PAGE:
06 April 2020
When home isn’t a safe place
The announcement by Boris Johnson that everyone is to stay at home, exercise once a day, travel to and from work where "absolutely necessary", shop for essential items and to fulfil any medical or care needs is likely to cause feelings of stress and anxiety for many families. There is, however, fear that the isolation measures brought in to cope with the coronavirus outbreak will result in an increase in domestic abuse or exacerbate ongoing abuse.
SafeLives, the UK-wide charity dedicated to ending domestic abuse, has issued a statement in which they say: “Early evidence from the lockdown in China suggests that reports of domestic abuse have doubled in some areas and we know previous crises have led to an increase in perpetrators abusing their victims”. In the U.K. the charity Refuge advised, on 6 April 2020, that the National Domestic Abuse helpline had seen a 25% increase in calls and online requests for help since the lockdown.
It is important to understand that domestic abuse isn’t always physical violence. It also encompasses a pattern of controlling, threatening and coercive behaviour. This behaviour can be emotional, economic, psychological or sexual. Perpetrators of domestic abuse often use coercive and controlling behaviour to seek to isolate their victims from friends and family and to remove any support network they have. The lockdown has the potential to increase such behaviour where the victims are already cut off from the outside world.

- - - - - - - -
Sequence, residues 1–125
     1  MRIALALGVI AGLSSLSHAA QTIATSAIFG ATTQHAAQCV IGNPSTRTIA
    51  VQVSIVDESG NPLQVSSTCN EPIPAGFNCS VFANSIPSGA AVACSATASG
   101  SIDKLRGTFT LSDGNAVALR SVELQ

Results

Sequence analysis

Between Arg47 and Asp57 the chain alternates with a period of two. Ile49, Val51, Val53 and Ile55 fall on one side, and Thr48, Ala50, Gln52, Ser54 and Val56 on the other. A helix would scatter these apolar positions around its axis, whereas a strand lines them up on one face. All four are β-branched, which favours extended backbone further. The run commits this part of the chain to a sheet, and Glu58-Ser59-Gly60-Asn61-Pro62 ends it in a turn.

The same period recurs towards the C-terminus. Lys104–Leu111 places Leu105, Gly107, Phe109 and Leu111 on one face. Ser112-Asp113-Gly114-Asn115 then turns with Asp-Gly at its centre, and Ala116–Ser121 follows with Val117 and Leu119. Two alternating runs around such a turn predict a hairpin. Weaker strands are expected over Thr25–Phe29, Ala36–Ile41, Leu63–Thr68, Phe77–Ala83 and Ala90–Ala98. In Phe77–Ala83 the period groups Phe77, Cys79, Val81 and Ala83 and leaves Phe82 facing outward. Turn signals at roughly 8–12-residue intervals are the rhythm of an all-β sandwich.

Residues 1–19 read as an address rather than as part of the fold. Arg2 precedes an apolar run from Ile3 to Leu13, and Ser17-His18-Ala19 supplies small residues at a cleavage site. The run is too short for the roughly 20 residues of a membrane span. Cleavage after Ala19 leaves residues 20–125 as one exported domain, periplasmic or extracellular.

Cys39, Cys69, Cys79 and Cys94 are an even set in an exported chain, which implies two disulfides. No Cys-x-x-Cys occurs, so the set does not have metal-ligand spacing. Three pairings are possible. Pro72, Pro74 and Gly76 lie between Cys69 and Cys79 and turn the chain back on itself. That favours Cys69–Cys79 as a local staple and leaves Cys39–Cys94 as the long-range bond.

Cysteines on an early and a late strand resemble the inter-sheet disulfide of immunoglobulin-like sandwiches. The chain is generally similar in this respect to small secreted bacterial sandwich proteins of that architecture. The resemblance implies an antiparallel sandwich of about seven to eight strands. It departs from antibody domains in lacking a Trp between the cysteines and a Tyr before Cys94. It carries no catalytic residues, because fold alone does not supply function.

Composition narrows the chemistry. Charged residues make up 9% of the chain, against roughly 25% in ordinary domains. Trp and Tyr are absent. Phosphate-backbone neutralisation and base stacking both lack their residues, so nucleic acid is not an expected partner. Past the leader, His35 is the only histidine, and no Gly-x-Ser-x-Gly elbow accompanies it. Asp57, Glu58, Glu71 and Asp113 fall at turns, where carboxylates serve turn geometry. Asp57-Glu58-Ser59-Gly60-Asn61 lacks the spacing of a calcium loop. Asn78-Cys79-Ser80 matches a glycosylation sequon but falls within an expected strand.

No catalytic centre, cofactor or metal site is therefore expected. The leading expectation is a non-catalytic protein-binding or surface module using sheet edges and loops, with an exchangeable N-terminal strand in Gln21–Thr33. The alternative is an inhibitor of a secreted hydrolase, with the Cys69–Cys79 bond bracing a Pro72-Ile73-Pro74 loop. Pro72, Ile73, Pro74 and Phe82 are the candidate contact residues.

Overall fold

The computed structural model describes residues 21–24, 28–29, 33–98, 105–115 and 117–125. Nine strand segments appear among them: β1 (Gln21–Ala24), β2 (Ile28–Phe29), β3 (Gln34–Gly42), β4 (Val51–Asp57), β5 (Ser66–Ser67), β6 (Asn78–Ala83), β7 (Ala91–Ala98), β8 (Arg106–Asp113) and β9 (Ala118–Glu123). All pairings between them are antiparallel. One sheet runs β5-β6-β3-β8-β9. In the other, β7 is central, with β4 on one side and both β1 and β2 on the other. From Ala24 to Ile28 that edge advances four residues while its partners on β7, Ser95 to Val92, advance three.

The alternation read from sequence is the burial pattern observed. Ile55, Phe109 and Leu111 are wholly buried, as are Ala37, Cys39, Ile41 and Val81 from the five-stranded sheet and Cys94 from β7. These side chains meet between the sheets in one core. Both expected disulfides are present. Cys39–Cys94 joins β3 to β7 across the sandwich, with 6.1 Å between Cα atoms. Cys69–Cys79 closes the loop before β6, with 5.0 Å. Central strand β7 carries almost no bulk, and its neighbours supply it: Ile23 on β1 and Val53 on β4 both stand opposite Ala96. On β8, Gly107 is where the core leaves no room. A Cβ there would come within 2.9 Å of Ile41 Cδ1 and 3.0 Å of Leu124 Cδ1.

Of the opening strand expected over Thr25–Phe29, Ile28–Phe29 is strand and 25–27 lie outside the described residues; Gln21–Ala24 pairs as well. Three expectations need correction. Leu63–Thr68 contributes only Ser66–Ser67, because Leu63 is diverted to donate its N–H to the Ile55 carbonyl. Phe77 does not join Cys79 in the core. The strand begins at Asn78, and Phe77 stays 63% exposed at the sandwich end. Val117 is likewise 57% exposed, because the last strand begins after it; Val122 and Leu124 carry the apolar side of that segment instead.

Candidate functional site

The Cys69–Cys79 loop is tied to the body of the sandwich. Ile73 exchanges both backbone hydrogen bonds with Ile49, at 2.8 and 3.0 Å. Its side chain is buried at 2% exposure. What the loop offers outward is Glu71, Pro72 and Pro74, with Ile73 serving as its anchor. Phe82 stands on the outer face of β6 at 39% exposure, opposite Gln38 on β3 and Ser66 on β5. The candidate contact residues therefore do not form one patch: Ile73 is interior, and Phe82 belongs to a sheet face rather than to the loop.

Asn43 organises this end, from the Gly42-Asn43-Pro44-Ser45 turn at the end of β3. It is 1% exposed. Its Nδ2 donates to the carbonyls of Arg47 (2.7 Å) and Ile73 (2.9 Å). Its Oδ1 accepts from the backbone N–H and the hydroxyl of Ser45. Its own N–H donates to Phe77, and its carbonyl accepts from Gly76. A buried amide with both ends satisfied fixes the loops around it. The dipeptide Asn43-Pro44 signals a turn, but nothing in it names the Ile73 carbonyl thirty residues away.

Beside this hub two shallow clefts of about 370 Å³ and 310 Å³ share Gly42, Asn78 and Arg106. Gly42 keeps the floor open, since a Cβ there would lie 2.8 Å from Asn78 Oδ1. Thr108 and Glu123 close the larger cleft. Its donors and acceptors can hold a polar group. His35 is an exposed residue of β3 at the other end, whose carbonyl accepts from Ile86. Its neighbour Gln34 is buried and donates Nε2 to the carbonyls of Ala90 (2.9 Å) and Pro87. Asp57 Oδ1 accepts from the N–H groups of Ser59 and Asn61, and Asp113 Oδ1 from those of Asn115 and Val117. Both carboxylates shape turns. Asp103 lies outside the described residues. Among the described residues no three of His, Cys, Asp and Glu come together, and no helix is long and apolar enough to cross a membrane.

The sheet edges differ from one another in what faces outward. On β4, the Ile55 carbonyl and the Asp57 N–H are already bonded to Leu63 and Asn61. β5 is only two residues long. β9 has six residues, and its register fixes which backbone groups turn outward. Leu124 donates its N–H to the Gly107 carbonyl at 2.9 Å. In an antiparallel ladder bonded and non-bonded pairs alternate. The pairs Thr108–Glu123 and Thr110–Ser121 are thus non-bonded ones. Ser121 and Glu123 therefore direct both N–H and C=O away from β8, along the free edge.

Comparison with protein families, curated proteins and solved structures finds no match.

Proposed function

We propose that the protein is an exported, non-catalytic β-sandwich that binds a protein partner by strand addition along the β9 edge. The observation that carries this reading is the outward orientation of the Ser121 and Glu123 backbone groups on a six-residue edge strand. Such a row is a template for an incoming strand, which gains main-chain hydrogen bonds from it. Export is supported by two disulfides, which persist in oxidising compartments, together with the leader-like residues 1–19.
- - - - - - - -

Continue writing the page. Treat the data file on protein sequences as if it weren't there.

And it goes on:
There are various orders which can be made to assist the victims of domestic abuse and those will continue to be available, although applications are likely to be dealt with remotely through telephone or Skype hearings rather than at court. It is possible for the court to make an order regulating the use of the family home including, for example, who can use the kitchen at a particular time.
The court also has the power to exclude the perpetrator of domestic abuse from the family home entirely (an occupation order) and to grant an injunction to prevent abusive behaviour (a non-molestation order). We anticipate however some additional challenges with these orders being made in the current climate where movement is limited and options to stay outside your household (such as with family or at hotels/ temporary accommodation) are fewer. If this isn’t possible the court would look at regulating the occupation of the house and a non-molestation order. Breach of a non-molestation order is a criminal offence and as such will act as a deterrent for some.
Those who are suffering and need help will continue to be able to access it and we urge those people to seek advice and support.
Home Secretary Priti Patel wrote in the Mail on Sunday recently:
"Whilst [the government’s] advice is to stay at home, anyone who is at risk of, or experiencing, domestic abuse, is still able to leave and seek refuge. Refuges remain open, and the police will provide support to all individuals who are being abused - whether physically, emotionally, or otherwise.”
Helplines and support if you're experiencing abuse:
· Freephone 24 hour National Domestic Abuse Helpline - 0808 2000 247 (run by Refuge)
· Women's Aid online chat service (open Monday-Friday 10am-12pm)
· Chayn: information, guidance and courses to support coping and recovery
· Men's Advice Line: 0808 801 0327
· Galop: 0800 999 5428 (national helpline for lesbian, gay, bisexual and trans people experiencing domestic abuse)
· As always, anyone in danger should call 999.